The Indiana Court of Appeals affirmed the finding that two defendants are sexually violent predators, ruling the state had produced sufficient evidence to support the determinations under the versions of the sexually violent predator statute used by the trial courts in each case.
In Johanna P. Williams v. State, No. 47A05-0802-CR-101 and Ronald Lynn Scott Jr. v. State, No. 82A04-0802-CR-85, Johanna Williams and Ronald Lynn Scott Jr. challenged the findings that they were sexually violent predators. The Court of Appeals mentioned its decisions in both cases in the two opinions.
Williams pleaded guilty to child molesting as a Class C felony and sexual misconduct with a minor as a Class C felony following two incidents involving her niece and a foster child in her sister's care. Scott pleaded guilty to three counts of Class B felony sexual misconduct with a minor following an incident with his niece.
Williams challenged her enhanced sentence under Blakely v. Washington, 542 U.S. 296, 124 S. Ct. 2531 (2004), arguing she is entitled to the former presumptive sentencing scheme since she committed her crimes in March 2005. The Court of Appeals found the facts underlying the aggravator – that Williams was in a position of trust with her victims – wasn't established by the state. The facts underlying the aggravator weren't found by a jury nor admitted by Williams or her attorney, wrote Judge Patricia Riley. The appellate court remanded to allow the state to establish a position of trust aggravator consistent with Blakely. If the state elects not to do so, the trial court is to re-sentence Williams without any aggravators, wrote the judge.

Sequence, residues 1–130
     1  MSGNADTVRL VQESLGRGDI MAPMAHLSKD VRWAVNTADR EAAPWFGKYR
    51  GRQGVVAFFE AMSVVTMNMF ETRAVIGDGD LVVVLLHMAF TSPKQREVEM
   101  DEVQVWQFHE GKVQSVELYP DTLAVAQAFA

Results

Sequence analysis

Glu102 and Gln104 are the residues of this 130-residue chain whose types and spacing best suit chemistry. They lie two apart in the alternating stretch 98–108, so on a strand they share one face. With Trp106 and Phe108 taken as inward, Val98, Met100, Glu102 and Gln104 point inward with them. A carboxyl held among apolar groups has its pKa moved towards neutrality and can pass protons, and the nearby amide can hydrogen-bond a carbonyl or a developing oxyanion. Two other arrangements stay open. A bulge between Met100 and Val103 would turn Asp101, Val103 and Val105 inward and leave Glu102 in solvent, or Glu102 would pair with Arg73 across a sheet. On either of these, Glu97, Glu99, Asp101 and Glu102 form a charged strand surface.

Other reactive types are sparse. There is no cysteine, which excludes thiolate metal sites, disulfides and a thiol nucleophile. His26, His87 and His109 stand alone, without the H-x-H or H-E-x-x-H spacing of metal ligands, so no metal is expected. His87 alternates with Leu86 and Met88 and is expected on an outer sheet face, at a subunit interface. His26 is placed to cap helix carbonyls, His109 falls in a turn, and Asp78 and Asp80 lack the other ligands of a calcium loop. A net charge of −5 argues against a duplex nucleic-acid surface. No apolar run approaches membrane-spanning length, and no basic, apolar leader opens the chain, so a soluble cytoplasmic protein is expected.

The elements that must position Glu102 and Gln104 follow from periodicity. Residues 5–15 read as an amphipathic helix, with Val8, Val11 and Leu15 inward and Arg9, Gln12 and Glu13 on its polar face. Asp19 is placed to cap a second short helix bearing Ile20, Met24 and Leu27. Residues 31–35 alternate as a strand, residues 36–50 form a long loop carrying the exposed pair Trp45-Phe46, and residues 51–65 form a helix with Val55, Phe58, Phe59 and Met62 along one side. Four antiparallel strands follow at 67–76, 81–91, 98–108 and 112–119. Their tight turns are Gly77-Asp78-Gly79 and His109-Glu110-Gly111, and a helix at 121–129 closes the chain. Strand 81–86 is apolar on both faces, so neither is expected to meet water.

The three-judge panel affirmed the findings Williams and Scott were sexually violent predators, ruling there was sufficient evidence to support the determination. The trial court in Williams’ case operated under the terms of the amended 2006/2007 statutes in effect at the time of her sexually violent predator and sentencing hearing, where in Scott’s case, the trial court used the 2004 statutes, wrote Judge Riley.
In both cases, Williams and Scott met the criteria to be considered sexual violent predators. Several pieces of evidence support the SVP finding against Williams, including her lack of remorse, a doctor’s diagnosis of Williams with pedophilia, alcohol abuse, personality disorder, and a brain injury, and the doctor’s testimony Williams is a sexually violent predator, wrote the judge.
As in Williams, the two doctors who evaluated Scott didn’t agree he was a sexually violent predator; however, with the one doctor’s report Scott is likely to offend again, Scott’s previous conviction for attempted child molesting, and his lack of remorse, there is enough evidence to support the SVP finding, wrote Judge Riley.